Home to what many call the Cradle of Civilization, and whose capital was later immortalized for its splendor and sensuality in tales of the Arabian Nights, Iraq has millennia of rich history to offer tourists.
But while violence is down to lows not seen since the U.S.-led invasion in 2003, insurgents are still capable of launching attacks, making Iraq a highly dangerous destination for all but the most adventurous of tourists.
In March, Iraq actually received its first group of Western tourists since the fall of Saddam Hussein, but in August, attacks across the country and in Baghdad killed some 393 people in one of the bloodiest months of the year.
If the violence dies down and security improves, tourists with a keen interest in the Middle East would find Mesopotamia, the old Greek name meaning the Land of the two Rivers for what is now Iraq, a fascinating place to visit.
Below, a Reuters correspondent with local knowledge helps you make the most of your stay. If you don't speak Arabic, it would be ideal to travel with an English-speaking Iraqi driver who has local knowledge of the security situation.
Women should dress conservatively generally, and on some occasions, especially when visiting religious sites, will need to wear a headscarf.
Noon - Once the capital of a medieval caliphate, Baghdad has been home to many notable Arab poets and novelists. Pay them homage by visiting the book market, open every Friday, on al-Mutanabi Street, named after a renowned 10th century poet.
The Ottoman-era street was once the center of Baghdad's rich intellectual life. Hunt for literary treasures in the maze of bookstores.
2 p.m. - Take a break from book shopping to drink syrupy sweet Iraqi tea and smoke a fruity waterpipe, or narguileh, at Gahwet Al-Shabandar, a haven for Iraq's intellectuals.
5 p.m. - For some colonial history, head to the Bab al-Shorji district near the Armenian cemetery where the Queen of Baghdad, Gertrude Bell, is buried.
Appointed as Oriental Secretary, the British traveler, writer and linguist was credited with drawing the boundaries of modern Iraq after the Ottoman Empire's fall at the end of World War One. She died in 1926.
7 p.m. - Back in the capital, head to any one of many restaurants in the central upscale Karrada district in Baghdad for a dinner of quzi, a traditional Iraqi dish of stuffed roast lamb and rice.
9 p.m. - Visit The Bridge of the Imams, which connects the Adhamiya and Khadhimiya neighborhoods of Baghdad, named for the medieval Sunni and Shi'ite holy men whose landmark shrines lie on opposite sides of the Tigris. Visit the Khadhimiya shrine and the Abu Hanifa mosque in Adhamiya, hugely symbolic religious sites in Baghdad.
The bridge reopened with great fanfare in late 2008 after rumors of a suicide bombing in 2005 caused thousands of Shi'ites crossing the bridge for a pilgrimage to panic, triggering a stamped that killed 1,000 people.
9 a.m. - Visit the ancient Mesopotamian city of Babylon, the home of the Hanging Gardens, one of the original wonders of the ancient world.
Though its treasures have been plundered by looters and European imperial powers long ago and U.S. troops and coalition armies have parked tanks on the site, there are still some ruins remaining.
Officials are working on preserving Babylon, a place that gave birth to milestones of civilization like agriculture, writing, codified law, and the wheel.
10 a.m. - While you're taking in the ruins, take a tour of a palace that Saddam Hussein built in 1988 that sits on a man-made hill overlooking the ancient city. The ostentatious palace boasts marble halls, views of the Euphrates river and carved wall panels. Many parts of it have been neglected because of the war, but its guest house is receiving guests and the gardens have been well-kept. Rooms can cost up to $170 a night.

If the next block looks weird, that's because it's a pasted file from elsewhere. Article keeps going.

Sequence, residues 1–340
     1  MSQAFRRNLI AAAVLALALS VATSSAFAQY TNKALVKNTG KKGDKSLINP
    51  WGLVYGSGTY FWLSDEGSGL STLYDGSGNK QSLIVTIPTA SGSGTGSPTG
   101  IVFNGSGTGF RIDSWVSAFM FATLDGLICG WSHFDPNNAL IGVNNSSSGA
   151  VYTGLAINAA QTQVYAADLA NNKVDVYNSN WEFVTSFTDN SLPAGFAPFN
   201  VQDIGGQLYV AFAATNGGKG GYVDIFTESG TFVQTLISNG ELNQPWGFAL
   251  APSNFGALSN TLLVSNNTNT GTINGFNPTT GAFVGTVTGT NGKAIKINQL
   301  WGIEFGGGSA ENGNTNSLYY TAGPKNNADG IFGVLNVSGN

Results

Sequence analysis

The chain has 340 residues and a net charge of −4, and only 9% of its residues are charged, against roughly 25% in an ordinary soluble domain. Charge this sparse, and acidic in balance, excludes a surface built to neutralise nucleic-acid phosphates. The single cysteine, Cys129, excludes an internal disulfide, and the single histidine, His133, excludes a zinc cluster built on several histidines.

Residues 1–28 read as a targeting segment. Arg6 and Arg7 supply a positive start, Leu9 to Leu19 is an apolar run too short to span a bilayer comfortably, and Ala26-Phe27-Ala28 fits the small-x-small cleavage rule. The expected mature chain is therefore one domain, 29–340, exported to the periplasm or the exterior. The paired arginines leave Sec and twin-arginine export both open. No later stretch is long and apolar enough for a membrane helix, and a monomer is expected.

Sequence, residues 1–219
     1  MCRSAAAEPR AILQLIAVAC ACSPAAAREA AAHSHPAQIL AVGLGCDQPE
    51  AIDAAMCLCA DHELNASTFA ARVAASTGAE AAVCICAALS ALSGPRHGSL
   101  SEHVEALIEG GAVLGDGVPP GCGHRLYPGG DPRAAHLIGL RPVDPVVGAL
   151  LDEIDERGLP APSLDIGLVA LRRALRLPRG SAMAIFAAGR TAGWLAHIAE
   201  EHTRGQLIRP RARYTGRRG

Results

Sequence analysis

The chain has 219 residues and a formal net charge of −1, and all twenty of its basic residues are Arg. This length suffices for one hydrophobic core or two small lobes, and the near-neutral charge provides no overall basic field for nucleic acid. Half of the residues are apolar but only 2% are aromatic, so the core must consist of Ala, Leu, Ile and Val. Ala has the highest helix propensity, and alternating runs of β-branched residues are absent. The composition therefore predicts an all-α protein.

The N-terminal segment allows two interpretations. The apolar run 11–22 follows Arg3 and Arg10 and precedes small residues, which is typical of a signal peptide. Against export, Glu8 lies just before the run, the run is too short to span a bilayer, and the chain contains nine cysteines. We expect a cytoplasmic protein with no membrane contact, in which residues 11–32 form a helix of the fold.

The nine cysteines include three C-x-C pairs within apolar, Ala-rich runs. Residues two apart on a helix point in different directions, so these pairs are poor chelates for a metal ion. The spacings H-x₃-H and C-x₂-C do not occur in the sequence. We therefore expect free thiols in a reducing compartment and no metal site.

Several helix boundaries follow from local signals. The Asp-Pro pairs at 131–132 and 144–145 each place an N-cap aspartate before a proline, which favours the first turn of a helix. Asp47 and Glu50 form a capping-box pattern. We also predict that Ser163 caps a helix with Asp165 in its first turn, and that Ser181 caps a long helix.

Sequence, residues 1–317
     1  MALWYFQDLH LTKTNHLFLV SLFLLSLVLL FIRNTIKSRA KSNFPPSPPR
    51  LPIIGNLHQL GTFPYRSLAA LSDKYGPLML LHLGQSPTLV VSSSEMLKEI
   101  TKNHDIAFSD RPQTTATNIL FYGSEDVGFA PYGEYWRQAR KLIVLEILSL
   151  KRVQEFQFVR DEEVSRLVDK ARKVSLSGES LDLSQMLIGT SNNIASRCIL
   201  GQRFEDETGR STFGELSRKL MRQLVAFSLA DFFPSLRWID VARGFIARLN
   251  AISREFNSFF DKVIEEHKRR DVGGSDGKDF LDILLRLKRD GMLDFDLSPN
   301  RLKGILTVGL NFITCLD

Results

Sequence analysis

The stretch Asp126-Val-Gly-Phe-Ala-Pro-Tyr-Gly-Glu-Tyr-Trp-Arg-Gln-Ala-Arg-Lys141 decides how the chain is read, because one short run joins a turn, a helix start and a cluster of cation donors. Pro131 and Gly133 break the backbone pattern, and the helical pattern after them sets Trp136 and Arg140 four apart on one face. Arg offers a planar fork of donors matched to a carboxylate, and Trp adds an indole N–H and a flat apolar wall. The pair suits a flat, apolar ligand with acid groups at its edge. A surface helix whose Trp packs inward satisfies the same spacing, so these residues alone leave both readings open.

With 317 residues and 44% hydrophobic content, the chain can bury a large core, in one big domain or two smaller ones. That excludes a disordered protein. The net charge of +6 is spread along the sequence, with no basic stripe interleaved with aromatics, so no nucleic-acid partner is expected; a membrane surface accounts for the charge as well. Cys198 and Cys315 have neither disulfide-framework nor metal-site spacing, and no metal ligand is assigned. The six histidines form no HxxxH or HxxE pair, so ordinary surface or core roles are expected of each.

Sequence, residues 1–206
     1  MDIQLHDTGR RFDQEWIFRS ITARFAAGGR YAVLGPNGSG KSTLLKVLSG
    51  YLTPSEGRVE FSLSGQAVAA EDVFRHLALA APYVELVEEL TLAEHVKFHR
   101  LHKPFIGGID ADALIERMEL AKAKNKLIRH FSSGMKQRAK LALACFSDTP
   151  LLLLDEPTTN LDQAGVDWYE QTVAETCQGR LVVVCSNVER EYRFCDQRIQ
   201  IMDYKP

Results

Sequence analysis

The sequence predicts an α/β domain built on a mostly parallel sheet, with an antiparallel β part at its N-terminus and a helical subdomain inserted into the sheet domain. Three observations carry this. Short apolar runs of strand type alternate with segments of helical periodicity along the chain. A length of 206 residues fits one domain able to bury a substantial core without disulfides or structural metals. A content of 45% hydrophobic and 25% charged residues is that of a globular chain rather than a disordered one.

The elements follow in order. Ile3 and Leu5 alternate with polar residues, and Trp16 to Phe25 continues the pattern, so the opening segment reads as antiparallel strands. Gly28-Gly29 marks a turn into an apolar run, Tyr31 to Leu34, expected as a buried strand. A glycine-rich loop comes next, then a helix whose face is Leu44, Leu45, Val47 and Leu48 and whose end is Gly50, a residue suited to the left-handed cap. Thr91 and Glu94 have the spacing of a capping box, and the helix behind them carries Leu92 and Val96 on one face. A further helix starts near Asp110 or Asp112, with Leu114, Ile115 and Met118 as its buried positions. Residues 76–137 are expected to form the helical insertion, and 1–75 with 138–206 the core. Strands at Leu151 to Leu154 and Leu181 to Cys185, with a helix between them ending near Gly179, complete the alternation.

1 p.m. - Back in Baghdad, head to the upscale al-Mansour district in western Baghdad for lunch at Zarzour restaurant, which specializes in Iraqi kebab.
3 p.m. - Head down to Shorja Market, the largest outdoor market in Baghdad, famous for selling a large array of Indian spices, ceramics and craftware souvenirs. Also popular is traditional Arabian garb with intricate hand-stitching.
Nearby, is the Copper Market, selling a wide variety of copperware - trays, bowls and water vessels. Note that you'll pass by al-Rasheed Street on your way to the market, one of the oldest streets of Baghdad.
5 p.m. - Take a stroll down the eucalyptus tree-lined Abu Nawas street, named after a famous 8th century poet of Persian and Arab descent. The street, overlooking the River Tigris, is lined with fish restaurants, nightclubs and a park.
8 p.m. - Choose one of many riverside restaurants on Abu Nawas street serving Iraq's contribution to the culinary world, mazgouf, a traditional carp dish roasted over a wood fire.
8 a.m. - Pay a visit to the Askari shrine in Samarra, about an hour's drive north of Baghdad.
The bombing of the al-Askari Mosque, also known as the Golden Mosque, in February 2006 unleashed a wave of sectarian violence in Iraq that has only abated in the last 18 months. Extensive work has been done to restore the mosque.
The mosque was built in 944 and is one of Iraq's four holiest Shi'ite shrines. The dome of the sanctuary was completed in 1905 and had been covered by 72,000 golden pieces.
Also nearby is the spiral minaret known as the malwiya, one of Samarra's most distinctive features dating back to the Abbasid caliphate.
12 p.m. - Back in Baghdad, visit Zawraa park in the city center, which has emerged as one of the most popular places for Iraqi families to meet and lovers to date. The Baghdad Zoo is there and so is a relatively modern amusement park. Rent a boat and paddle across a man-made lake, perfect for watching Iraqis' lives unfold normally once again.